When I was a new speech language pathologist I did not have children. I was not even married. Even though I think I was a good clinician, nothing compares to the lessons I learned after I became a parent. It changed my therapy and my approach to clients both young and old.
In the latest issue of the Journal of Child Psychology and Psychiatry, Dr. James Paulson and colleagues published a large epidemiological study of parental depression 9 and 24 months after the babys birth. They were interested in examining the effect of parental depression on parent-child reading activities and the babys language development. The authors used a large national study of early development, which included 4,109 families with both father and mother living together. The participants completed a depression screening 9 and 24 months after the babys birth, a measure of the babys vocabulary, and a measure of parent-to-child reading behaviors.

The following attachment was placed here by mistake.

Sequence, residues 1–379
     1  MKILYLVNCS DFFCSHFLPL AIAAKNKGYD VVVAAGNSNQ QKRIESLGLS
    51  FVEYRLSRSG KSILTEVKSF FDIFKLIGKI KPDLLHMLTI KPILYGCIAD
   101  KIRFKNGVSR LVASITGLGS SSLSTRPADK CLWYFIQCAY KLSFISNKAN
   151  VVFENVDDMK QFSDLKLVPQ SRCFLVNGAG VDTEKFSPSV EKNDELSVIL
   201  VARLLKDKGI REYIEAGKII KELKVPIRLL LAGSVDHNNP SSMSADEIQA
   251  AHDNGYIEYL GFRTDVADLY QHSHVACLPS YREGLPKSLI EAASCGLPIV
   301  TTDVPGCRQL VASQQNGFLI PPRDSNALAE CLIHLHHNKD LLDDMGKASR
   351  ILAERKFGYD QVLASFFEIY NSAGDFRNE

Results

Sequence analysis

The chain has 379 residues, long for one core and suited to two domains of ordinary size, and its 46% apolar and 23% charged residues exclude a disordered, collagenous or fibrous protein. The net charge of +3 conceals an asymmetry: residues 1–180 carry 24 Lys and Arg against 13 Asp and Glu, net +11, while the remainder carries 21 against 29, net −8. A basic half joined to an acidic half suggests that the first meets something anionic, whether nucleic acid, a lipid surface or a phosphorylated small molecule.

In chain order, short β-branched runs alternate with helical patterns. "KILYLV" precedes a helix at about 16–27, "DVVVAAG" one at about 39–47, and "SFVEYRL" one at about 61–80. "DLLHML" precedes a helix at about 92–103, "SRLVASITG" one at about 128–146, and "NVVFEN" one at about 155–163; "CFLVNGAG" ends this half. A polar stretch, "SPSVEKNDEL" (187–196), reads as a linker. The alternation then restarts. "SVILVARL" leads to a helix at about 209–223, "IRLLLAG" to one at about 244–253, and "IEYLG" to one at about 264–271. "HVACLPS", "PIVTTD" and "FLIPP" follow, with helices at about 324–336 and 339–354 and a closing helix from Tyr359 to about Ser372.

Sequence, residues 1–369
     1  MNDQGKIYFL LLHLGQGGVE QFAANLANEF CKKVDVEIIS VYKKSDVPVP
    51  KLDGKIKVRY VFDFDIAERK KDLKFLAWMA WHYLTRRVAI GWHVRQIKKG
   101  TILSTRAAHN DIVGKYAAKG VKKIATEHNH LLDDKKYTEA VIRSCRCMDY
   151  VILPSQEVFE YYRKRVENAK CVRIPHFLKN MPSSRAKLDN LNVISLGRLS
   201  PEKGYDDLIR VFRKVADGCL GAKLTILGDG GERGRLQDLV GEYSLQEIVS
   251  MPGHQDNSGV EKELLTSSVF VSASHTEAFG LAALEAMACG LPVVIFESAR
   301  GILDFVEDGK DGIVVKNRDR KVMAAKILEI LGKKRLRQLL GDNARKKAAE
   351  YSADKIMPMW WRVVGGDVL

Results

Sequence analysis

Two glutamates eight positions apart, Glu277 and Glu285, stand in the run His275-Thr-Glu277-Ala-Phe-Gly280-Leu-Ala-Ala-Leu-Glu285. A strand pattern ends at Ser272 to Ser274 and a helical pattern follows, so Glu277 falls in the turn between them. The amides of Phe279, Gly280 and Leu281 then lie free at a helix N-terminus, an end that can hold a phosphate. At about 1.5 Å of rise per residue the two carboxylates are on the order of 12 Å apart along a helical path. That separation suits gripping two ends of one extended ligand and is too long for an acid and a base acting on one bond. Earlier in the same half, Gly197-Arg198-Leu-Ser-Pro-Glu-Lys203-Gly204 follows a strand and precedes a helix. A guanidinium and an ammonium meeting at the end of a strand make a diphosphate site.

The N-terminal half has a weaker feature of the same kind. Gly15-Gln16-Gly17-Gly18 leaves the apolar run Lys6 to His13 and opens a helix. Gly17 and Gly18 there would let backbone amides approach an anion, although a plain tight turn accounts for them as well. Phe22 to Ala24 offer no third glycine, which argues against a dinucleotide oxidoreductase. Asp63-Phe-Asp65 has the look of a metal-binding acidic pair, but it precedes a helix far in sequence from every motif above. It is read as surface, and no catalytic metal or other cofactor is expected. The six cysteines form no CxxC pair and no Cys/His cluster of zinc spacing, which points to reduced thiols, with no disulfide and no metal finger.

The Journal of Autism and Developmental Disorders just published a case report on the effectiveness of pressure vests in engagement behaviors during a preschool class in a 57-month-old boy with a diagnosis of developmental delay. The authors used an A-B-A design, in which the researchers observed behavior changes during a baseline (A) after the initiation of treatment (B), and after the termination of treatment (A). The authors did not find any improvements in engagement behaviors with the use of the vest. Does this mean that pressure vests are not effective? NO. The data simply showed that the pressure vest did not help this particular child. Thus, we can not generalize these findings to anyone else.